Houston Rockets rookie Royce White is far too talented to call it quits just 10 games into his first NBA season. No matter how damaged his relationship with the Rockets is, White must stay the course and give himself at least a shot at a successful professional career.
White is expected to "meet with Rockets general manager Daryl Morey on Monday to discuss his situation with the team," according to ESPN's Colleen Dominguez.
The Rockets drafted the 6'8" power forward with the No. 16 overall pick last June. And despite having yet to play a single minute of meaningful NBA action, White is already the league's top story just three weeks into the 2012-13 season.
After a week of drama and finger-pointing brought on by White missing practice because of personal reasons, the 21-year-old has since stated that he would be willing to walk away from his NBA career in order to preserve his health.
White suffers from anxiety disorder that he openly discusses on Twitter:
Again My "Anxiety" is not well but not BAD, my main WORRY is being treated as a digit instead of a HUMAN, in the case of my health.— Royce White (@Highway_30) November 14, 2012
Here's White on his top priority (via ESPN.com):
Now the communication's there and there's still a problem, right? That means the problem isn't us. The problem is the art of the business, right? At no point will I compromise my health in the interest of business.
Walking away from the game this soon would leave too many questions unanswered, though, including the most obvious one: How great could Royce White have been?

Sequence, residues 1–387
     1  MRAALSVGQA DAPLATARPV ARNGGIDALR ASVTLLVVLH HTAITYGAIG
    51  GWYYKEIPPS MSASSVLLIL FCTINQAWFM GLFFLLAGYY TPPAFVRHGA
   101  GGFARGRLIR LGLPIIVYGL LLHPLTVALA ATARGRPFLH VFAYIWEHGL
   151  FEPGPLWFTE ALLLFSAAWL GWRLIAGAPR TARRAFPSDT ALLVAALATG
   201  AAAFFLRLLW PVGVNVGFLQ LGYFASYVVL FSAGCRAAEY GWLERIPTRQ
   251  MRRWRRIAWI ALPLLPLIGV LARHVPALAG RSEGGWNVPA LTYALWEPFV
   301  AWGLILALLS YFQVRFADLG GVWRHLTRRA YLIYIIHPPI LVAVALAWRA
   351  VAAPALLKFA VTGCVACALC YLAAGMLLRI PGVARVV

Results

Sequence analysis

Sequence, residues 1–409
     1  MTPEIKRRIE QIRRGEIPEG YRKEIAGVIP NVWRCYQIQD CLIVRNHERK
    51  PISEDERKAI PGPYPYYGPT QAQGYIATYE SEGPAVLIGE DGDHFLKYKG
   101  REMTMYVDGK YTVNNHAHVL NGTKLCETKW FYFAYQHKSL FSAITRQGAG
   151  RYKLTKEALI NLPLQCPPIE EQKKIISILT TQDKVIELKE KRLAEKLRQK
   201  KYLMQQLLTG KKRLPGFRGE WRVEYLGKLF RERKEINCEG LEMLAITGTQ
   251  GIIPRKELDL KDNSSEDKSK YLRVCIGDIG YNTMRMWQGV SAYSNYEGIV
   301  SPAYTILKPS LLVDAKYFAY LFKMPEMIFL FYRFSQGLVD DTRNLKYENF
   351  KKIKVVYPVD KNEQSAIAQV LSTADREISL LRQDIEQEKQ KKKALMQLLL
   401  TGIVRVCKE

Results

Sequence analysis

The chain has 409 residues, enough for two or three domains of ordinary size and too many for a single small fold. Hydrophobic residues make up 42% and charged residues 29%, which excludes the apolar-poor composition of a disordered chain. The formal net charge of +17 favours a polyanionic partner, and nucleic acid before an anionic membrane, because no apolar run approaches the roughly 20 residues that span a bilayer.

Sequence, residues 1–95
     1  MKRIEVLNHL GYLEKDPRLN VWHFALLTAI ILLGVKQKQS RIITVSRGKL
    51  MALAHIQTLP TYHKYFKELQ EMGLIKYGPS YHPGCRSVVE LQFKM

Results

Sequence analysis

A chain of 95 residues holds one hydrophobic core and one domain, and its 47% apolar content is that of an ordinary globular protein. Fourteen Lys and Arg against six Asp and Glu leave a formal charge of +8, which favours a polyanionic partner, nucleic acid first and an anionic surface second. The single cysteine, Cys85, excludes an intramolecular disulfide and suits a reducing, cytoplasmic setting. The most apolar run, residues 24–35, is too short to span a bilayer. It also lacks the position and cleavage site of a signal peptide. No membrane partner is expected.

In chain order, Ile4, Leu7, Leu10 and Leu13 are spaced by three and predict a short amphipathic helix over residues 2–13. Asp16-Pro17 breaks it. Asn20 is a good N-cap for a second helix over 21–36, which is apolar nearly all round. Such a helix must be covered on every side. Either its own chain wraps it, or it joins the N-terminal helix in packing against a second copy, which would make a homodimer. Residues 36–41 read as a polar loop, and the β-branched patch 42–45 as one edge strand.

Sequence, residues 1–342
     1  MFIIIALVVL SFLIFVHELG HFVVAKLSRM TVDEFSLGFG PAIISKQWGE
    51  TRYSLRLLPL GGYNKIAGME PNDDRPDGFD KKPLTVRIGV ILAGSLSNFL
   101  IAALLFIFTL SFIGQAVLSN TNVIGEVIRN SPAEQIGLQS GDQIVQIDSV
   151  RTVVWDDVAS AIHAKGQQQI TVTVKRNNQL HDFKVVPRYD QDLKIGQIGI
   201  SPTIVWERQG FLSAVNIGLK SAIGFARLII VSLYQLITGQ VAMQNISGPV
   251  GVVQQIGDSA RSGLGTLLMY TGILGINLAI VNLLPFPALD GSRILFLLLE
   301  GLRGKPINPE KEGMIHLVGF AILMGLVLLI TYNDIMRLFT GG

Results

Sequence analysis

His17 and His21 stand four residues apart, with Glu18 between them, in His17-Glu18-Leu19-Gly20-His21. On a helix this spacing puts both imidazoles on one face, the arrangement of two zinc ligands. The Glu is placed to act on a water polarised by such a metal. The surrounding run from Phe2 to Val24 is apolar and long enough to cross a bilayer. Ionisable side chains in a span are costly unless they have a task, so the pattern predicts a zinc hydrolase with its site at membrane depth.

Last season with Iowa State, White averaged 13.4 points, 9.3 rebounds and five assists in just over 31 minutes per game. White shot better than 53 percent from the field for the Cyclones and demonstrated immense potential that he would be giving up on if he quit now.
White was an all-around stud last season in college, and it was no surprise when David Stern called his name in the first round.
I don't disagree with White putting his health above everything else, but he must know that he's an exception. Few ever get the opportunity to forge a legacy in the NBA, and White would be throwing that opportunity away before ever even giving it a shot.
It's not a matter of making money or even pleasing fans. Instead, it's a matter of White reaching his full potential, achieving his goals on the court and making the most of a rare opportunity that more than 99 percent of world will never come close to getting.
There's no shame in failing, but there's plenty in quitting.
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